Peter John Hennessy, Baron Hennessy of Nympsfield, FBA (born 28 March 1947) is an English historian and academic specialising in the history of government. Since 1992, he has been Attlee Professor of Contemporary British History at Queen Mary University of London.
He was born in Edmonton, the youngest child of William G. Hennessy by his marriage to Edith (Wood-Johnson) Hennessy. Peter Hennessy comes from a large Catholic family of Irish provenance. He was brought up in large houses, requisitioned by the council, first in Allandale Avenue and then in Lyndhurst Gardens, Finchley, north London.
He attended the nearby Our Lady of Lourdes Primary School, and on Sundays he went to St Mary Magdalene church, where he was an altar boy. He was a subject of the first episode of the BBC radio 4 series The House I Grew Up In, first broadcast on 6 August 2007, in which he talked about his childhood.
Hennessy was educated at St Benedict's School, an independent school in Ealing, West London. When his father's job led the family to move to the Cotswolds, he attended Marling School, a grammar school in Stroud, Gloucestershire. He went on to study at St John's College, Cambridge, where he was awarded a BA in 1969 and a PhD in 1990. Hennessy was a Kennedy Memorial Scholar at Harvard University from 1971 to 1972.
Hennessy was a journalist for the Times Higher Education Supplement from 1972–74. He wrote leaders for The Times from 1974–82, for which he was also the Whitehall correspondent. He was The Financial Times' lobby correspondent at Westminster in 1976. In June 1977, Hennessy accused Donald Beves of being the "fourth man" in the affair of Philby, Burgess, and Maclean, but Geoffrey Grigson and others quickly leapt to the defense of Beves, considering him uninterested in politics.
Hennessy wrote for The Economist in 1982. He was a regular presenter of Analysis on BBC Radio 4 from 1987 to 1992. On 17 November 2005, he made a trenchant appearance alongside Lord Wilson of Dinton before the House of Commons Public Administration Select Committee on the publication of political memoirs.
In July–August 2013 he was the interviewer for BBC Radio 4's Reflections, a series of four biographical interview programmes featuring Shirley Williams, Jack Straw, Norman Tebbit and Neil Kinnock.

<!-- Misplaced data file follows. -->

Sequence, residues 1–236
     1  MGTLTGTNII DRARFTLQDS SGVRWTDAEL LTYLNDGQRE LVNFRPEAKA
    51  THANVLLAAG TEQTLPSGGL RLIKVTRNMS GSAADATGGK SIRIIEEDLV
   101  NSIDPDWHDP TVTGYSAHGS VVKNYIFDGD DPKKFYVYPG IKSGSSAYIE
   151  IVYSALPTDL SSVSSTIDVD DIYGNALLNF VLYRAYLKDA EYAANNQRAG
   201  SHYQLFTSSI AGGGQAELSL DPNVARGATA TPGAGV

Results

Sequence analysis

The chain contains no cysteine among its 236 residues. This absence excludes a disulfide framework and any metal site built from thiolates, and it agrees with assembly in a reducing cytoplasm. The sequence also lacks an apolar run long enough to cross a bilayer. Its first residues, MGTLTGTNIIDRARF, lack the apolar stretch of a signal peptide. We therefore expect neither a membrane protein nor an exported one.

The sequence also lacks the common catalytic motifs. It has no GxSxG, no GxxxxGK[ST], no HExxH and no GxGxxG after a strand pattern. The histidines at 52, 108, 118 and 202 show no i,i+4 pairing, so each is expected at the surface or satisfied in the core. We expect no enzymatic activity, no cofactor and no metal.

He co-founded the Institute of Contemporary British History in 1986. From 1992 to 2000, he was professor of contemporary history at Queen Mary and Westfield College, University of London. From 1994 to 1997, he gave public lectures as Professor of Rhetoric at Gresham College, London. From 2001, he has been Attlee professor of contemporary British history at Queen Mary.
His analysis of post-war Britain, Never Again: Britain 1945–1951, won the Duff Cooper Prize in 1992 and the NCR Book Award in 1993.
His study of Britain in the 1950s and the rise of Harold Macmillan, Having It So Good: Britain in the 1950s, won the 2007 Orwell Prize for political writing.
Elevation to the peerage
On 5 October 2010 the House of Lords Appointments Commission said Hennessy was to be a non-political crossbench peer. He was created a life peer on 8 November 2010, taking the title Baron Hennessy of Nympsfield, of Nympsfield in the County of Gloucestershire. He was introduced to the House of Lords on 25 November.
"I'm terribly pleased and honoured," Hennessy said at hearing the news. "I hope I can help the House of Lords a bit on constitutional matters. I'll certainly give it my best shot." In August 2014, Lord Hennessy was one of 200 public figures who were signatories to a letter to The Guardian opposing Scottish independence in the run-up to September's referendum.
Hennessy is married with two daughters.